Measuring the mechanical properties of individual human blood cells.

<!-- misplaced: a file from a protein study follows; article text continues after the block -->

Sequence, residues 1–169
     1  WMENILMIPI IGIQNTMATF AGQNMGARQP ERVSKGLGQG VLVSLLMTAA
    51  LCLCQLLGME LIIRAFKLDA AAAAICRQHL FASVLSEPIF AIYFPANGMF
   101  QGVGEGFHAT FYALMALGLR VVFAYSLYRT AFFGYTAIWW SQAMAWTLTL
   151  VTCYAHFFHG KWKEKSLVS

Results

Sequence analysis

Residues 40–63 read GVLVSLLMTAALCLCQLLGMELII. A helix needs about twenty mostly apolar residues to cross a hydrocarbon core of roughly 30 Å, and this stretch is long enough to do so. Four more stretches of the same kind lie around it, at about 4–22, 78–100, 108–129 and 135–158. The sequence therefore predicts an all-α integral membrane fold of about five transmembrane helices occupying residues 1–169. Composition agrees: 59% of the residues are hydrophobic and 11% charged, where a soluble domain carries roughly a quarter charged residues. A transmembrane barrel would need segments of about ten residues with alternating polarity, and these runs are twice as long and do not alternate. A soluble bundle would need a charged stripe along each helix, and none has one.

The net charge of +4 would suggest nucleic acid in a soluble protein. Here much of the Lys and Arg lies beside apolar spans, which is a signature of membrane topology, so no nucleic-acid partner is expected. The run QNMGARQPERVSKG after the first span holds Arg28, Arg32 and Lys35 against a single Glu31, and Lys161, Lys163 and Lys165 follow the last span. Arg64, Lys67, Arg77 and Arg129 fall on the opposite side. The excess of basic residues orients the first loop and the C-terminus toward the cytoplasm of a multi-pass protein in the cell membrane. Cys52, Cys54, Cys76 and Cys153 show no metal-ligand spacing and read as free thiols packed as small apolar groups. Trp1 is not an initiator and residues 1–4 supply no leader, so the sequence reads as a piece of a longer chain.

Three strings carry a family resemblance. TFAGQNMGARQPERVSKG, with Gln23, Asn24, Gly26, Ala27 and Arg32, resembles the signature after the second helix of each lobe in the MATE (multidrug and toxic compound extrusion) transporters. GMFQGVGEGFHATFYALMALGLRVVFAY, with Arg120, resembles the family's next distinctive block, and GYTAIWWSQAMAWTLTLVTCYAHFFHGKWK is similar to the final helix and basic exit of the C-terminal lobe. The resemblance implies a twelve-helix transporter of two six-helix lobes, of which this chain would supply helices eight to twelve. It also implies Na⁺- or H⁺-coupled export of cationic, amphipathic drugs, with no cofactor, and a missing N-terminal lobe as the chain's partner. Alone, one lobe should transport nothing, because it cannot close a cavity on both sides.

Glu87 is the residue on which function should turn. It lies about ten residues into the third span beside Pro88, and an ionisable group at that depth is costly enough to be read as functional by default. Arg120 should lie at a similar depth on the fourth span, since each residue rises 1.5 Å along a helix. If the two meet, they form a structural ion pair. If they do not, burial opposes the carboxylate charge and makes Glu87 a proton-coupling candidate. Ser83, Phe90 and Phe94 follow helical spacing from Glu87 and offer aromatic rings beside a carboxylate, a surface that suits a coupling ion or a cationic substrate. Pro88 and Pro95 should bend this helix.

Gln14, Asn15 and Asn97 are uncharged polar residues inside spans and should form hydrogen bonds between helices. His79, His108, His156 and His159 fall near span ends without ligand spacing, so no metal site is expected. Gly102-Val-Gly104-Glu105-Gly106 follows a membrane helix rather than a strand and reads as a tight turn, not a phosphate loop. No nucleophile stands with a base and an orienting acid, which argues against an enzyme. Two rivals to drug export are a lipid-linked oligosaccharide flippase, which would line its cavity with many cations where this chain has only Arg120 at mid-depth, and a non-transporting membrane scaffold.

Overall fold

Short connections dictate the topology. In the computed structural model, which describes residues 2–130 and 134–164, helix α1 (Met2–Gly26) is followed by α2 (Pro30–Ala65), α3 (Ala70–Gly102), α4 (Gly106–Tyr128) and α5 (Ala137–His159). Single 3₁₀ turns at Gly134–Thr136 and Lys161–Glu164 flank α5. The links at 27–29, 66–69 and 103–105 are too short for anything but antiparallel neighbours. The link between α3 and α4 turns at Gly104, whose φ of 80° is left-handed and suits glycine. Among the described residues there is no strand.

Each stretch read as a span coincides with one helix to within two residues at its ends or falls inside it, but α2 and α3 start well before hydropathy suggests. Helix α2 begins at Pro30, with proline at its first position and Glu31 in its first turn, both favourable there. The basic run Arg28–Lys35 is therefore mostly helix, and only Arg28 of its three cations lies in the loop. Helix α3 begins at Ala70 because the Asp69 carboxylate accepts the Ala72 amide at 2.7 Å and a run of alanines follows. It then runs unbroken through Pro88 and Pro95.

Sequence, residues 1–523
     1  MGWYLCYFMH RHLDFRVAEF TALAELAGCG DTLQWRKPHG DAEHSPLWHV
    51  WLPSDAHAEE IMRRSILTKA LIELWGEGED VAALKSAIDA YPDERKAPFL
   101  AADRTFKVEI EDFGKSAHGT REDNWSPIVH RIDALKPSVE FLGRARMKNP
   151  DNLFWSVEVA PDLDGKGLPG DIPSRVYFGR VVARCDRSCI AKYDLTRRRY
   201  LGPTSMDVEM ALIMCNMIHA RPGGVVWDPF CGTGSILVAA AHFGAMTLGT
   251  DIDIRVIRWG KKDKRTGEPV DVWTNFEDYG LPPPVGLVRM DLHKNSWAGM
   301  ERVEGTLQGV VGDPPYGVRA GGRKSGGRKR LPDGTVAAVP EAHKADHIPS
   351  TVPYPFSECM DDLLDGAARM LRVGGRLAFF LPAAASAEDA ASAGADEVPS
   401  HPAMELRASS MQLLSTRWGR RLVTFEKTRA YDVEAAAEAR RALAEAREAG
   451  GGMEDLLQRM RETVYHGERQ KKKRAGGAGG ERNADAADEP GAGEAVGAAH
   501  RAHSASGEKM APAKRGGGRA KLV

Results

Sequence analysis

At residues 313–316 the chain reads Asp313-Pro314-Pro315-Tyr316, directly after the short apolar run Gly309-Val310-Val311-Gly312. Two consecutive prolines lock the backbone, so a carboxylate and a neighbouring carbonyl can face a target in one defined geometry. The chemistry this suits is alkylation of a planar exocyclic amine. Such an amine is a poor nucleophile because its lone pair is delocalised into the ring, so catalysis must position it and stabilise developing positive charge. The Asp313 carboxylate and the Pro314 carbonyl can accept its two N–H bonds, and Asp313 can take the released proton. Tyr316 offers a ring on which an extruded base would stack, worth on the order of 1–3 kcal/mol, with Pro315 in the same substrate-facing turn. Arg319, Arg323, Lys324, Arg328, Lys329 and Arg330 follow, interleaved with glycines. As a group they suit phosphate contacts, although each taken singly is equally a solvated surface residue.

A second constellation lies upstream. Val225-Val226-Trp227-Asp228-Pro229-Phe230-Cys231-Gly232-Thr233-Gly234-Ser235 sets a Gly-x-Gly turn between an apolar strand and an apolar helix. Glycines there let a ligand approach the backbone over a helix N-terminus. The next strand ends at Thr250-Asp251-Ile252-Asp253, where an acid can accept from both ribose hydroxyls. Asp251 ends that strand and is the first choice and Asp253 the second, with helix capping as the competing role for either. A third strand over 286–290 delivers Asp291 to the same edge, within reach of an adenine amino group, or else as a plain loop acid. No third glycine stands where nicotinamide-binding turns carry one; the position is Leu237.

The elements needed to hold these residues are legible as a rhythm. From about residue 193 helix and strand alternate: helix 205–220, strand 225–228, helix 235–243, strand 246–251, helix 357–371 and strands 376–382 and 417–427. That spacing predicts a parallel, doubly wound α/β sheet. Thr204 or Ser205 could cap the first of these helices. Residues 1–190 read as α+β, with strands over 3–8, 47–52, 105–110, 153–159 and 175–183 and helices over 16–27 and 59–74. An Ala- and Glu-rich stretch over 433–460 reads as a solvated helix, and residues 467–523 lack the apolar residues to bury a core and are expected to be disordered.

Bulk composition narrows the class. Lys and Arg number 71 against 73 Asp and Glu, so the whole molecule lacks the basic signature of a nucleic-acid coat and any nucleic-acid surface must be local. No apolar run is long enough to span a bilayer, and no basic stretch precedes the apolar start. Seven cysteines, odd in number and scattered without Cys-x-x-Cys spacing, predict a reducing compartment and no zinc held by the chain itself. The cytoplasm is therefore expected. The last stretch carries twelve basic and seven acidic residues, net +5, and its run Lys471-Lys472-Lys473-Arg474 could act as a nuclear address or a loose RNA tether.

The largest human blood cells--the red cells (erythrocytes) and white cells (leukocytes)--must undergo a significant amount of deformation as they squeeze through the smallest vessels of the circulation and the small openings between bone, vessel and tissue. This ability to deform in response to external forces shows that cells exhibit material behavior and behave as either elastic solids or viscous liquids. The question then is "how can we measure the deformation and flow of something as small as a blood cell and what kinds of constitutive equations describe cellular deformation"? In this paper the use of the micropipet to measure red cell and white cell, especially neutrophil, deformation will be described and the viscoelastic models used to describe the deformation behavior of red cell membrane and neutrophil cytoplasm will be discussed. Values for the elasticities of a red cell membrane subjected to shear, area expansion and bending will be given. The viscosity of red cell membrane in shear will also be discussed. Finally, the cortical tension of the neutrophil and the Newtonian and Maxwell models used to characterize its apparent viscosity will be discussed even though neither is wholly successful in describing the viscous behavior of the neutrophil. Thus, alternate models will be suggested.
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